Cooked, Cured, Curdled | The Story of Traditional Food in Europe – Part 3

A slice of the apple, cheese, pear and potato pie called cholera


Restaurant Cheminots is the talk of the town. Diners leave sated, and promise to return. The menu is always a looking glass into traditional Swiss food.

When available freshwater fish from Switzerland’s numerous lakes are transformed into mouth-watering dishes. La pôchouse, the Burgundian freshwater fish stew in a white wine vegetable stock, takes on a Swiss twist.

Veal has been an alpine ingredient for centuries, largely because it has featured in sausage-making. By putting the St. Gallen olmabrätwurst on his menu owner Stefan Welchen is acknowledging the autumn farm fair in St. Gallen when half a million veal-milk sausages are consumed every year, thus paying tribute to a sausage some argue is the best in Europe.

By serving lamb’s lettuce salad with sautéed bacon, boiled egg and garlic croûtons, he is telling his guests, don’t leave the canton without trying the delicious nutty leaves that can be found grown across the slopes of the valley and sold in the market stalls every Saturday.

Always available are local wines, especially the large white wine called fendant, pressed exclusively from chasselas grapes, that goes down well with fondue and other cheese dishes.

Of his signature dishes several are typical Wallis, particularly the famous vegetable pie with apples, cheese, leeks, onions and potatoes known as cholera from the Goms valley, east of Brig.

The 1830s were difficult for the people of the hidden Swiss valleys. Cholera swept across the land, confining people to their homes, where they relied on the stable foods of the land. Out of adversity this unique traditional dish emerged and survives today.

Imagine this! Here is a truly traditional dish made from indigenous ingredients – gala apple, raclette cheese, bosc pear, local leeks and potatoes with a pastry casing made with local wheat.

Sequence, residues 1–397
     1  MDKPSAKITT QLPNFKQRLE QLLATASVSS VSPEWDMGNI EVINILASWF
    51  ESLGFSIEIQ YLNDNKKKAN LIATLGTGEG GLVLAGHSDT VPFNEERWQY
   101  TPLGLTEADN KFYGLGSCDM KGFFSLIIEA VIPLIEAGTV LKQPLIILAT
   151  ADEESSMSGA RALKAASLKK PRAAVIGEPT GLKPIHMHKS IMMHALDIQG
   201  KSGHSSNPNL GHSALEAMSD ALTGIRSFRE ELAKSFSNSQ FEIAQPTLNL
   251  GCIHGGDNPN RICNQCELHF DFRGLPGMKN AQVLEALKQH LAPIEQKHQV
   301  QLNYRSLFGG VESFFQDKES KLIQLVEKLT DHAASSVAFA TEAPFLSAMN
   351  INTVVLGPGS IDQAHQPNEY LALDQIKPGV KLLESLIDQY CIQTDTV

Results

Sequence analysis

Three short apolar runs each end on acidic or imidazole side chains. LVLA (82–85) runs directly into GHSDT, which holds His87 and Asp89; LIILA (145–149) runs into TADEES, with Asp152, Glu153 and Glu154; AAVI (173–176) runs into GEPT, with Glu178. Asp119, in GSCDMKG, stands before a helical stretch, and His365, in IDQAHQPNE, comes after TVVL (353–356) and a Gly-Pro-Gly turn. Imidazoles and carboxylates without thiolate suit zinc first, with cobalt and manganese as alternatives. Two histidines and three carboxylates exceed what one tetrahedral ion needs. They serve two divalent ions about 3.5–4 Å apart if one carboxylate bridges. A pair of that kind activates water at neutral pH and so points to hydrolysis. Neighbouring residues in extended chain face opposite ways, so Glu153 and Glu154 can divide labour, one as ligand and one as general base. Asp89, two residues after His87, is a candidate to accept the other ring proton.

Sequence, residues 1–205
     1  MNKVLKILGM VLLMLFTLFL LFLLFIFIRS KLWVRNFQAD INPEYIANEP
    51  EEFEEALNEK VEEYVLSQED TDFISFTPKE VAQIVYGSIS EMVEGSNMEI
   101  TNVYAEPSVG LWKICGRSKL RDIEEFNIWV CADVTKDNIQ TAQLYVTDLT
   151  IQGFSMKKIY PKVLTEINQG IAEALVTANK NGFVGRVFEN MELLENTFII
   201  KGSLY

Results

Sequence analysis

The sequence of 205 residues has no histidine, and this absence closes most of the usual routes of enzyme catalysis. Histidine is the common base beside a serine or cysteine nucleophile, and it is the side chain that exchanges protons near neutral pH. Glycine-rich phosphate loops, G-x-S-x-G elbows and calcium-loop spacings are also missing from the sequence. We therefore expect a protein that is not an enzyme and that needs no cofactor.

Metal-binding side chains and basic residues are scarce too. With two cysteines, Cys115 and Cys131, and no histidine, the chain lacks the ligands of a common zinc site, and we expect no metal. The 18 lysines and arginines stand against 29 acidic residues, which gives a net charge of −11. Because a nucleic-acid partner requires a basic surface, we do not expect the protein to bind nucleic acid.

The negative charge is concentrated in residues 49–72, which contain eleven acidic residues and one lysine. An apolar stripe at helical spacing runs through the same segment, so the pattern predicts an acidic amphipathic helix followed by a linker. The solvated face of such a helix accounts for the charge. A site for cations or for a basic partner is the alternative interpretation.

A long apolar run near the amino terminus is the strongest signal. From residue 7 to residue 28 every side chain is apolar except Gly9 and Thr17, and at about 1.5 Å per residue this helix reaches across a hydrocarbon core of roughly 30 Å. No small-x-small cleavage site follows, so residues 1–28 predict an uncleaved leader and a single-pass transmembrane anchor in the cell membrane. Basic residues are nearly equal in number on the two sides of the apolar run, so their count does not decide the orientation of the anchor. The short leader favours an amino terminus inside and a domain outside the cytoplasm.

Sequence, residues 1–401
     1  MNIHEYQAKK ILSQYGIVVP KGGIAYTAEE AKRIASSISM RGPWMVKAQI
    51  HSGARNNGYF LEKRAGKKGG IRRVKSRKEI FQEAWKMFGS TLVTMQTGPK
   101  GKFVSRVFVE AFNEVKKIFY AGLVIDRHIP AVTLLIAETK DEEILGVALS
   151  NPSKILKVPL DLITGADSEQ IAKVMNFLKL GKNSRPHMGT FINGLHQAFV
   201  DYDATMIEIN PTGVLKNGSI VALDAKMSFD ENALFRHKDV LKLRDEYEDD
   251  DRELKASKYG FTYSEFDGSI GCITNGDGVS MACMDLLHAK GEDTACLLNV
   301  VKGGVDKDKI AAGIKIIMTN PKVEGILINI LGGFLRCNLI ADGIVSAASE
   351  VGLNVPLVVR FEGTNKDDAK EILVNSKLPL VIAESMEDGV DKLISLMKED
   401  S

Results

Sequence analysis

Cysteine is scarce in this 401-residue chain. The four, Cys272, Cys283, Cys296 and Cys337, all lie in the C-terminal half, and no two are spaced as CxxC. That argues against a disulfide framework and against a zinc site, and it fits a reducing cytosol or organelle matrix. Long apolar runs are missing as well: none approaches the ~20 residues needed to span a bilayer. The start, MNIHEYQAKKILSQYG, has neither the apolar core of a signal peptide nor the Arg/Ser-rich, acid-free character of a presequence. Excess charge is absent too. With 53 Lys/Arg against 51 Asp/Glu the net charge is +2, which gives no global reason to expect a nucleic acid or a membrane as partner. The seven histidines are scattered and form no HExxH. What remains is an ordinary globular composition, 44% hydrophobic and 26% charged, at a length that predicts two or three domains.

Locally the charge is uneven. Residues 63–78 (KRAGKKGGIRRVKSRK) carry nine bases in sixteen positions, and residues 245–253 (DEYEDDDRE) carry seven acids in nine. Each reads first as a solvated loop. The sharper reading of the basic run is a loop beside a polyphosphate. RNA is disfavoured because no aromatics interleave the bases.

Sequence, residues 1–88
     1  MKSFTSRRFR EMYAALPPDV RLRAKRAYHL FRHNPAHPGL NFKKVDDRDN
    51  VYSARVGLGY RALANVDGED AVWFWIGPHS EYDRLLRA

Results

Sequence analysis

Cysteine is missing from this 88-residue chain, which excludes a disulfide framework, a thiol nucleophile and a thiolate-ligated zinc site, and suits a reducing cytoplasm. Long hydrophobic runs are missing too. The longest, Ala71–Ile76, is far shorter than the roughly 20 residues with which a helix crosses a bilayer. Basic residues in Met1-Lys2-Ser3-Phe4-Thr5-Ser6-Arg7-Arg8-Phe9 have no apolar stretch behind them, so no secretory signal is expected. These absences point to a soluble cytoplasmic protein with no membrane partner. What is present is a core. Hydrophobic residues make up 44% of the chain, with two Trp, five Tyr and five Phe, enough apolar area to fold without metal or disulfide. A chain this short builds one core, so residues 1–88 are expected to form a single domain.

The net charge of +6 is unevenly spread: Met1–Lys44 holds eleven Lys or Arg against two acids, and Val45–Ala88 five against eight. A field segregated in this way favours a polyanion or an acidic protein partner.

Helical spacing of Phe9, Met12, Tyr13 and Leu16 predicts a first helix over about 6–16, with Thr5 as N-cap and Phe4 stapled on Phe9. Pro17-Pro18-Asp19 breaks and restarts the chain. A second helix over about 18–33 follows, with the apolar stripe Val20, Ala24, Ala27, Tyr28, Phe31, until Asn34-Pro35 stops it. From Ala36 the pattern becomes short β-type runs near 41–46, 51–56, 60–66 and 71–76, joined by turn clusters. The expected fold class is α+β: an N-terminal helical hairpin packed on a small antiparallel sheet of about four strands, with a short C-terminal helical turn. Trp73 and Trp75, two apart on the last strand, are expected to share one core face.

Raclette cheese has a special place in the heart of the indigenous people who have inhabitated the Gommer valley since the days of foragers, horticulturalists and hunters – a way of life that has not been swept entirely into the mechanisms of utility Switzerland.

A winemaker called Leon is held responsible for its use as a melting cheese when he accidentally let a half-wheel melt by the fire. It is a good story and that is all. The origins of cheese-making in the hidden valleys of the Rhône river valley go back to before the Romans occupied the region. For centuries, cheese was used as currency among the people and with visiting traders. The people of the alpine valleys have always known what to do with their cheese. The number of recipes that have been passed down is testament to that, across the mountains from the Matterhorn to the Säntis.

So it is not a surprise that the people of the Rhône valley regard their raclette as the true melting cheese despite its wider production in other parts of Switzerland and especially on the other side of the Alps in Savoy, where their Raclette de Savoie, recognised by the European Union with a geographical indicator symbol, is made with the milk of the Abondance, Montbéliarde and Tarentaise cows.

Geographically and historically linked to the area that now defines the canton, specifically the valleys of Bagnes and Goms, Raclette du Valais is a semi-hard cheese associated with the lively Hérens cows. As much a part of Swiss alpine scenery as the chalet and cable car, these cows graze the fragrant flora of sloping meadows along with the black-dotted cows of picture postcard Switzerland.

For hoteliers like Stefan Welschen, raclette is the speciality of the canton, because of its character, variety of its flavours and debate about its quality. The herders of the Goms Valley insist their milk is superior to that of the Val de Bagnes, and vice versa. Once described as ‘delicious, fatty, sweet and soft’, the raclette wheels are consumed by the Valaisans themselves, melted, scraped and served in numerous ways or grilled until its edges are crisped.

Stefan Welchen’s delicious cholera pie is not the only reason I am here in Brig. I am here to take a journey into the past.


The Story of Traditional Food in Europe – Part 4

Parts 3 to 7 are imminent. 
After that Cooked Cured Curdled will be an occasional series 
for a total of 120 parts.

About the Author

Robert Allen is a founder member of the Fricot Project, an editorial advisor with Editions Fricot and a baker with Fricot Experimental Kitchen and School. A journalist since the late 1970s, he has specialised in the history and reality of traditional food in Europe since 1991 as an advocate of sustaintable food security. He has been a specialist baker since the 1980s, and is co-author, with Fricot researcher Anne Addicott, of Brötchen, the hand-made breads pocket book.


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